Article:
29 kids and the Common Core

At least a third of them are behavior problems. Some of that is acerbated by there being 29 children and one adult in the room. With a smaller class size some of them might behave better due to receiving more individual attention and help. I have two kids from Special Ed Pre-K who are still special ed. in that they can not seem to get anything done without LOTS of individual attention. I have two that get pulled for Speech. I have one who I think is undiagnosed but could be in the Autism spectrum and another who started 4 weeks late, has a late August birthday and knows NOTHING. He’s ruined two glue sticks in two days by twisting the glue all the way out and then mashing it. Probably 60 % of my class is considered as non-English speaking, or very limited.

They have revamped the Common Core assessments that we do (AGAIN) and they are much more difficult to administer. They have changed our electronic grade book again (for the third year in a row). We had a meeting on Tuesday, and grade levels were discussing some of the assessments we were supposed to be doing, (new ones, with no training).  We used to have a 50 minute “intervention” time in the morning when we did Tier 2 interventions for those children who needed extra help to make progress.  This year they changed the intervention time to “whole group focus skill time”.  Alternating weeks between Language Arts and Math.  We are supposed to use the gradual release model of teaching.  I do, We do, You do together, and You do by yourself.  Then on Friday we are supposed to administer a 5 item quiz on the focus skill.  On the following Tuesday, we turn in our compiled results.   It’s just truly amazing. On Tuesday we were trying to figure out just what that would LOOK LIKE IN KINDERGARTEN and were a little frustrated. Near the end, our instructional leader mentioned to the whole staff that we (kindergarten, without actually naming us) were complaining too much and weren’t being productive. And it’s CLEAR that they have NO concept of what the issues that we are facing really are.

Here’s a sample of what the Common Core Math exam has on it for Kindergarten, (items changed slightly)

Make a group of ten ones (students do this on their own) Now using that set of 10, compose a group of ten ones and some more to make 16. Draw a picture or write an equation to match your work.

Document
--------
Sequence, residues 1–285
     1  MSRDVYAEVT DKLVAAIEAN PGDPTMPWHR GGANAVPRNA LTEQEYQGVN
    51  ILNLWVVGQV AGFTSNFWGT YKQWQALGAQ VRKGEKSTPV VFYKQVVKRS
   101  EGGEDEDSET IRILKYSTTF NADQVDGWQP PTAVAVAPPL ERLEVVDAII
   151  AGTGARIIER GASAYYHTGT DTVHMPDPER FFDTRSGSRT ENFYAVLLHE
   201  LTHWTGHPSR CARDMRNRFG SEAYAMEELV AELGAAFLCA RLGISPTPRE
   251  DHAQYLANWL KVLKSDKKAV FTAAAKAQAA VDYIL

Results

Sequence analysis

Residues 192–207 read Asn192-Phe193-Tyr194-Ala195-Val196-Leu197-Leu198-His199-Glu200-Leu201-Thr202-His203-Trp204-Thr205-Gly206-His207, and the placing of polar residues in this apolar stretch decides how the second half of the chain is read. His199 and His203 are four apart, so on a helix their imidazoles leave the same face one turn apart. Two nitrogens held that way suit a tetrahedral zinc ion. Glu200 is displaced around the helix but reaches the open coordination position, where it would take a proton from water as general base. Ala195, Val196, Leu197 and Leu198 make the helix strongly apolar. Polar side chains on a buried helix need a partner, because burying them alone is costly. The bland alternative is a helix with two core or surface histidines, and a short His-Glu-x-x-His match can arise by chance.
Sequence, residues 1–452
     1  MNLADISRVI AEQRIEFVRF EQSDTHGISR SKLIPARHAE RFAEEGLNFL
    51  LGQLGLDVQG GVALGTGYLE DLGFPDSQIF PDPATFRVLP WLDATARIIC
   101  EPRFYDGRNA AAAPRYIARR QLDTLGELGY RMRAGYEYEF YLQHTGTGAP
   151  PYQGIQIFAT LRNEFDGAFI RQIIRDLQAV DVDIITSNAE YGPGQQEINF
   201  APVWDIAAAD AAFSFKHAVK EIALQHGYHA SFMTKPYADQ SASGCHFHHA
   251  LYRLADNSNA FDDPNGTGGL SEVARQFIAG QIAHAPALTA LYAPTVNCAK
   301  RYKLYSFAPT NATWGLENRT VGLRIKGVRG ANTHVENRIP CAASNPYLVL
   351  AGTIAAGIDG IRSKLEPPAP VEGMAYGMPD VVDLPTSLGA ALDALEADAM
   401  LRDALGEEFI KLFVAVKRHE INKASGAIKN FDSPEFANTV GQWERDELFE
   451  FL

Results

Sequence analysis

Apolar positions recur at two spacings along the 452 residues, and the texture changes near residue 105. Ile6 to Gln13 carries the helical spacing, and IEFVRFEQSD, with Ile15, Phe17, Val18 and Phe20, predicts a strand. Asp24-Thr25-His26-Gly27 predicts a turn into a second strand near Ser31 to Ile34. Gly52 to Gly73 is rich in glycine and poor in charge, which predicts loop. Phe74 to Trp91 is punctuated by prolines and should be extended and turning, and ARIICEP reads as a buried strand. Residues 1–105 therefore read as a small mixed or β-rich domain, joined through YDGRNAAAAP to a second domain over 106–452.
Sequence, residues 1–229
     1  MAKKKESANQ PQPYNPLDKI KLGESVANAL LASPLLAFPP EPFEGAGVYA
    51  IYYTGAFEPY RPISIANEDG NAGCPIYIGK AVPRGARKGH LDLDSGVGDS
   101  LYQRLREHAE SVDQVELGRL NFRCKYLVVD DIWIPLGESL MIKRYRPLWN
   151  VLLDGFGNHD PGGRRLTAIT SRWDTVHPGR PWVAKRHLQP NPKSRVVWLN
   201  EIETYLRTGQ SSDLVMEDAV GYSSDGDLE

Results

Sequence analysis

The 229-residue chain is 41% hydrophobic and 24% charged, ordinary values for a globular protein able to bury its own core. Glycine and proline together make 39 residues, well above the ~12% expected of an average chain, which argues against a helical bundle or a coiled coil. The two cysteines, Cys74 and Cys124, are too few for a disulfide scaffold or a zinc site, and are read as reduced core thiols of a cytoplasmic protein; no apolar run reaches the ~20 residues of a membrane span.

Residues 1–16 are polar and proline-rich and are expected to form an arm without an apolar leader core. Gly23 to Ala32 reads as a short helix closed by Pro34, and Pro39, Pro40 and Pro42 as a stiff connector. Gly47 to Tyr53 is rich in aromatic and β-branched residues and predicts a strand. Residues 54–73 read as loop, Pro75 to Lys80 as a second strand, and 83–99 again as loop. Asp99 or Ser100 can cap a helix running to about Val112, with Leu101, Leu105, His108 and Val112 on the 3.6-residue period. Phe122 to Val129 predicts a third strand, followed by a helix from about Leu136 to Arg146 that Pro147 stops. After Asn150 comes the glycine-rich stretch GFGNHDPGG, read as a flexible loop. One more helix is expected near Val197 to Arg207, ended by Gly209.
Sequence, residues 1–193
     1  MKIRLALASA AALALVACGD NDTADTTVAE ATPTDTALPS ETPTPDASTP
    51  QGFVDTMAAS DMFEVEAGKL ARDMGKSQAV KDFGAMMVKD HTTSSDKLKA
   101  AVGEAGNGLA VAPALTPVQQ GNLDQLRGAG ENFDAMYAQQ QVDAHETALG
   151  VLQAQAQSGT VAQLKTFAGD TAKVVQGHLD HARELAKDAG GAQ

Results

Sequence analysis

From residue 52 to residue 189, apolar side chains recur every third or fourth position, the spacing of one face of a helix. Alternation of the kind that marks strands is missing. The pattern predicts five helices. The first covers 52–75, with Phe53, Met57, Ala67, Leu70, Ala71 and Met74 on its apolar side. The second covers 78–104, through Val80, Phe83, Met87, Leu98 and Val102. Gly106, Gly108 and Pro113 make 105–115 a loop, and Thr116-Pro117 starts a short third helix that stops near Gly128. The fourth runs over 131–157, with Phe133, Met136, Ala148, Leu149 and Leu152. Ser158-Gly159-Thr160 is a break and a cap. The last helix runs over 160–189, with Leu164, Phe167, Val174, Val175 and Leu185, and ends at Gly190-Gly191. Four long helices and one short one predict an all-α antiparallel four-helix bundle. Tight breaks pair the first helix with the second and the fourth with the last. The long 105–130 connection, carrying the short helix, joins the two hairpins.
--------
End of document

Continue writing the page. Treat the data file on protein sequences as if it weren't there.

Using a set of 10, you cannot make 16. Yet that’s the way I read it………

Second example:

Make a set of 14. Now decompose that group of 14 by making a group of 10 ones and some more. Draw a picture or write an equation to match your work.

I know they use the words compose and decompose in the CCSS (Common Core State Standards) but they are stupid terms, they aren’t in any of our math materials (I’m sure they will be in the NEW math materials that reflect the CC, but they are dumb terms. I could just see going into the grocery store and asking a checker or even a bank teller to “decompose” a $20 bill into smaller bills……. I’m calling it Zombie Math.

One of my friends over at Kindergaten Today wrote a nice post today……..

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2 thoughts on “29 kids and the Common Core

  1. I have more “challenges” this year than I ever thought I could possibly encounter in a class of only 16. Our stats are climbing far too rapidly in some categories and we need to figure out the reasons. While it is commendable to set high expectations for these children, the reality is that a child who cannot recite the alphabet and cannot count beyond four is NOT going to be able to “decompose” anything!

  2. I so admire your courage to teach and put up with such gibberish. Perhaps such instructional goals/objectives might well ‘decompose’ in a bucket of H2O? The wording for curricular goals/obs are becoming more and more cumbersome in wording and sounding more and more ridiculous.

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